“From Publishers Weekly
Crews mounts a slashing critique of Sigmund Freud's mistaken diagnoses, sexist hectoring of patients, exaggeration of results, equivocation and attempts to cover up therapeutic disasters. According to this distinguished critic and professor emeritus (UC Berkeley), Freud ascribed to some patients repressed oedipal sexual desires after he had unsuccessfully goaded them to remember childhood incest or molestation. Furthermore, Crews maintains, Freud in 1905 retroactively changed the alleged seducers of infants to fathers, whereas in his reports of the previous decade, they were said to have been siblings, strangers, teachers, governesses. Freud's brainchild, psychoanalysis, was and remains a pseudoscience, in Crews's estimate. Its offspring, he asserts, is today's recovered-memory movement, which he believes is deluding countless patients, mostly women, into leveling false charges of sexual abuse based on supposedly recovered memories that, in Crews's opinion, are often manufactured through overzealous or incompetent therapists' suggestions."
“From Publishers Weekly
"The S.S. men are being transformed into a caste of knights ruling sixty million natives. [T]here is no more ideal form of government than a decent form of oligarchy," wrote Carl Jung of the German Nazis in the mid-1930s. One of the many strengths of this candid and discerning biography is that Hayman (Nietzsche: A Critical Life) enlists such provocative, alarming material to build a careful, nuanced portrait of his subject that neither excuses nor excoriates his actions and words. After studying psychiatry in Paris at the turn of the century (while also investigating the supernatural via s‚ances), Jung became an ardent admirer of Freud, with whom he agreed on many things (though Freud's emphasis on sexuality was a notable exception). Meanwhile, Jung pursued his own theories of the unconscious, using myth and archetype as models. His break with Freud before WWI was a defining moment in the development of his theory and his career. Without losing sight of Jung's total oeuvre, Hayman examines the enormous advantages Jung gained by maintaining ambiguous views of National Socialist policies. Indeed, Hayman shows how Hitler's attack on Jews gave Jung a chance to promote his own psychological theories (e.g., the defamation of Freud and other Jewish psychoanalysts led to the possibility for the ascendance of Jung's analytical psychology). Placing Jung's anti-Semitism in a broad cultural and professional context as well as exploring his other influences, including his complicated relationships with patients and disciples Hayman has produced a vital and moving portrait of the man and his time. While not detailed enough for scholars, this is a fine work for the general reader.”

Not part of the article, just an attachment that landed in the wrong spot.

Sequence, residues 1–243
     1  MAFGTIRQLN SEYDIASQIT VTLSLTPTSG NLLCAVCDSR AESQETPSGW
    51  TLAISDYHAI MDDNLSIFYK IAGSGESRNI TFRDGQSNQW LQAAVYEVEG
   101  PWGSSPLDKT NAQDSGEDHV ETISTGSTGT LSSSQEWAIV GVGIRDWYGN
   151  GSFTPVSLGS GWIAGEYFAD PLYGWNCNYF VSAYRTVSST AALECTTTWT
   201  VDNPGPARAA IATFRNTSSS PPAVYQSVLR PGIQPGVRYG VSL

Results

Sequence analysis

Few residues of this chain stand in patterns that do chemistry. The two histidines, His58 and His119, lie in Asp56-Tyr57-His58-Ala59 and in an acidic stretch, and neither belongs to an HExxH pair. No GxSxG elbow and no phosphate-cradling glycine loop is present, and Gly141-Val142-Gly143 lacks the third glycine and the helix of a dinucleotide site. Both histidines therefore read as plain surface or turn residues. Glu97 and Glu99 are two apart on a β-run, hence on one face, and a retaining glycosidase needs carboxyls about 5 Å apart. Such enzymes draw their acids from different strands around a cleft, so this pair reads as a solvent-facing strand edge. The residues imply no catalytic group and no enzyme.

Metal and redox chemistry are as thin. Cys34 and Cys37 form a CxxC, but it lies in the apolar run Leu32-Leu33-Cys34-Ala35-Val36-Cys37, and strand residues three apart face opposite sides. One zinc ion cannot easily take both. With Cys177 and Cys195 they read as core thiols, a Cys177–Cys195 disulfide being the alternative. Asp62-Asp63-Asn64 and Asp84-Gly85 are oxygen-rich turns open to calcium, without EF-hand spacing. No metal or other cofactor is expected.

The man who boldly proclaimed a new understanding of how the collective unconscious preserves humanity's archetypal memories, Jung shrank from the truth about his own convoluted psyche. Long hidden behind a shield of falsification and self-apotheosis, that deeply disturbing truth has at last yielded to Hayman's painstaking scholarship. From Jung's lonely boyhood of secretive rituals to his old age of grandiose delusions, Hayman limns the pioneering psychologist's solitary and erratic life. Deep in an intellect of rare capacity, Jung's private ambitions bubbled over with perilous desires. To illuminate the darker impulses in Jung's life, Hayman ferrets out the childhood beginnings of schizophrenic tendencies, chronicles his descent into near insanity, documents his flirtation with fascism, and details his abusive treatment of women. And although only specialists will comprehend the technical issues at stake, Hayman fully captures the human drama in Jung's rupture with his acclaimed mentor, Freud. Deflating a self-anointed god, Hayman gives us--once again--the ineluctable mystery of man.”
I’m sure you can find something similar on Kinsey.
[Edit - fixed long, scrolling links - Ron]
[This message has been edited by Ron (11-12-2004 03:32 PM).]